Novel delivery system and new target show promise for toxoplasmosis treatment

November 17, 2003

A multi-center research team has discovered how to deliver antimicrobial medications directly to the infectious parasites that cause diseases such as toxoplasmosis, even when the parasites lay hidden and inactive within cysts, where they have been untreatable by any available medicines.

The study, to be published online Nov. 17 by the Proceedings of the National Academy of Sciences, demonstrates the first effective, non-toxic method of transporting drugs across multiple membrane barriers and even into cysts of Toxoplasma gondii, the single-celled microorganism that causes toxoplasmosis. It also describes a new therapeutic target within this common parasite.

"This is a major step forward in developing ways to treat one of mankind's most common chronic infections," said Rima McLeod, MD, professor of ophthalmology and visual sciences at the University of Chicago, who led the study. "For the first time, we have access to this microbe in its latent stage, a part of its life cycle that was previously inaccessible. We also have a better means of delivering medicines to its active stage, as well a new target for treatment."

"Better approaches to treating toxoplasmosis are needed," note the study authors. This disease, spread by cats and by eating undercooked meat, can cause devastating problems for those with weakened immune systems or when transmitted from mother to unborn child.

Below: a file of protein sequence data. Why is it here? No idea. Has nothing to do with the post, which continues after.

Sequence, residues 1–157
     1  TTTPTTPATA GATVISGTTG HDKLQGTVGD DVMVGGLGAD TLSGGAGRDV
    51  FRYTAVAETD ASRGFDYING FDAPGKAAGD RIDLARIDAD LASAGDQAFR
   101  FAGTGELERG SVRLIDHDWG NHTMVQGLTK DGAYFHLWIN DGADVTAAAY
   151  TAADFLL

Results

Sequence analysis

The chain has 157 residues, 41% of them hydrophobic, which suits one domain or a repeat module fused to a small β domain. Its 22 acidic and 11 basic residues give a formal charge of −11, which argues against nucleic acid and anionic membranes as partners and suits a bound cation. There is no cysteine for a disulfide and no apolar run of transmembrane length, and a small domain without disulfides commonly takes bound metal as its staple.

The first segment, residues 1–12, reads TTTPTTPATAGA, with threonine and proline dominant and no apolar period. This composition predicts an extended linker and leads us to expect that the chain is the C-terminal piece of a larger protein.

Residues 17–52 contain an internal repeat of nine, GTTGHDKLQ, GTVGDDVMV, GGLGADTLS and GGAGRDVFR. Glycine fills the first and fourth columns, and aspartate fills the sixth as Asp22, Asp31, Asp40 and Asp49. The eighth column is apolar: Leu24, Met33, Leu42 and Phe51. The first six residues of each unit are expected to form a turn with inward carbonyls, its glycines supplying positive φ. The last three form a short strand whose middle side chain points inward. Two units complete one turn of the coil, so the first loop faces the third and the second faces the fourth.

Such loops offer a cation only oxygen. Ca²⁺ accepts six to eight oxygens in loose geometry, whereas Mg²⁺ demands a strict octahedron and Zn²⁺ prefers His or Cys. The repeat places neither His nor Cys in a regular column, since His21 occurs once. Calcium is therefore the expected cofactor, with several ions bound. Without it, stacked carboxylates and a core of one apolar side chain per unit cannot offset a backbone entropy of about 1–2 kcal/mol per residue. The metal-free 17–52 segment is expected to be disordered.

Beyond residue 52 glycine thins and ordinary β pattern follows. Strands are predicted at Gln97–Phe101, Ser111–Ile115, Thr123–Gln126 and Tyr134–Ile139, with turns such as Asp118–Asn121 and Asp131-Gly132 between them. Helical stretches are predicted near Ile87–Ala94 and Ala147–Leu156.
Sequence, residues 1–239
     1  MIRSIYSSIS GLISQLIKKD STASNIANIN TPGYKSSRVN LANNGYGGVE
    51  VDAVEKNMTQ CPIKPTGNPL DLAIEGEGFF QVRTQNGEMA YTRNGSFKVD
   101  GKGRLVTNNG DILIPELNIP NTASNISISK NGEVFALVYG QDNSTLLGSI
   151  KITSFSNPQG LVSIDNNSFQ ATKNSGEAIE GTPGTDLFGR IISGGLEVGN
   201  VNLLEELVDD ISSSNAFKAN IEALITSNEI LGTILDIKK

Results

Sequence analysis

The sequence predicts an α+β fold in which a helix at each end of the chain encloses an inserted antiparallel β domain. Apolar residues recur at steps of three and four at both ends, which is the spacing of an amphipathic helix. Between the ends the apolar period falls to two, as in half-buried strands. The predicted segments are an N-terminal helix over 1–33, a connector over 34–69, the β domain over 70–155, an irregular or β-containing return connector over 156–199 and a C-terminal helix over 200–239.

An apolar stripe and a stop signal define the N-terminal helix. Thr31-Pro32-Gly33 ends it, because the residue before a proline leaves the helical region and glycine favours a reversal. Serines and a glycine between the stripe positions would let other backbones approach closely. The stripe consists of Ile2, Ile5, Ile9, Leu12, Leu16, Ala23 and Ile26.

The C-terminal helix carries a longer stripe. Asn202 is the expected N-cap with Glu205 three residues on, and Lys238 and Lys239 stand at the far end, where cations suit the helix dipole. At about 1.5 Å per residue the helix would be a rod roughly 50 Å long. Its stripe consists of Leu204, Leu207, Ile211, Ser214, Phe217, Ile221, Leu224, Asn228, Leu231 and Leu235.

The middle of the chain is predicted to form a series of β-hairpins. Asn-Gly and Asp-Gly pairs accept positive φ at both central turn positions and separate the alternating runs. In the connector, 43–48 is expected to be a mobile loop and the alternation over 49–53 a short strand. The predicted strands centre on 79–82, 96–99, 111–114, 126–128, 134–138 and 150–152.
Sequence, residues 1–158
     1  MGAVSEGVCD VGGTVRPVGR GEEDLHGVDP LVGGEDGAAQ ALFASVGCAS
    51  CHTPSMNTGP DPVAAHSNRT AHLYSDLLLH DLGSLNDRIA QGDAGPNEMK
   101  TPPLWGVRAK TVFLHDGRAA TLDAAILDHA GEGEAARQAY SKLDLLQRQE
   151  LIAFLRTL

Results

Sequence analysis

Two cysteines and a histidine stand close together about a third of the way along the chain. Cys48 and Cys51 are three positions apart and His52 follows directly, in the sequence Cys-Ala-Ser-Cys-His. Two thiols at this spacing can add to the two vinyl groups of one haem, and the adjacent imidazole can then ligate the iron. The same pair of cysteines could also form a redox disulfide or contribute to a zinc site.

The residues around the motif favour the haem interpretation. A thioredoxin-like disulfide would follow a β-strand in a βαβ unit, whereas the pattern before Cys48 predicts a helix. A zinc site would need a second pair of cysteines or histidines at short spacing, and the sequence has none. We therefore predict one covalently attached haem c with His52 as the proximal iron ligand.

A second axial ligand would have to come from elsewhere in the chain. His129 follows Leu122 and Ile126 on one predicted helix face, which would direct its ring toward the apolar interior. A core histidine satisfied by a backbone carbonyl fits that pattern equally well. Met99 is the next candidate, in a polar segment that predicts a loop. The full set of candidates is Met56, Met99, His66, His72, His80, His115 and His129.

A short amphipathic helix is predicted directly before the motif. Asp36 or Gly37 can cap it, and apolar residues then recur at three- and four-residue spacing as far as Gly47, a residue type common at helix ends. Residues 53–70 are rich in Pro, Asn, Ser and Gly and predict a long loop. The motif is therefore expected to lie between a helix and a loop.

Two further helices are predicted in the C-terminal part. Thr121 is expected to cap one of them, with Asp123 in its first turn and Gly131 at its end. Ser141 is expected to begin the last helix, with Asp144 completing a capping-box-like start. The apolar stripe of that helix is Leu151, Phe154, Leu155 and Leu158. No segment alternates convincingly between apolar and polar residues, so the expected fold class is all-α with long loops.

About 3,000 infants are born each year in the U.S. with toxoplasmosis, which causes severe eye damage, mental retardation and death. The cost of caring for U.S. patients with toxoplasmosis is thought to exceed $5 billion per year.

In addition to active infections, T. gondii in its latent stage infects the nervous system of an estimated 3 billion people, including about 30 percent of Americans, causing lifelong infections. The effects of those infections on physical and mental health are still being researched.

The new delivery system uses a short chain made up eight connected arginines, a naturally occurring amino acid, to ferry a drug across membranes. In 1996, Paul Wender and Jonathan Rothbard at Stanford discovered that short sequences of arginine could slip easily through biological membranes, either alone or attached to active molecules.

While Wender's team--working with colleagues at Cell Gate, a California biotech firm--refined this delivery system, McLeod and colleagues searched for new drug targets within T. gondii and related parasites from the "apicomplexan" family, which includes the causes of malaria and cryptosporidiosis.

This family of microbes relies on enzymes that are not present in animals. Because the microbes require these enzymes to live, and animals don't, they make ideal targets for treatment with minimal toxicity.

One such target is T. gondii enoyl reductase, an enzyme first identified in McLeod's lab. The parasites require this enzyme to synthesize fatty acids, necessary for survival.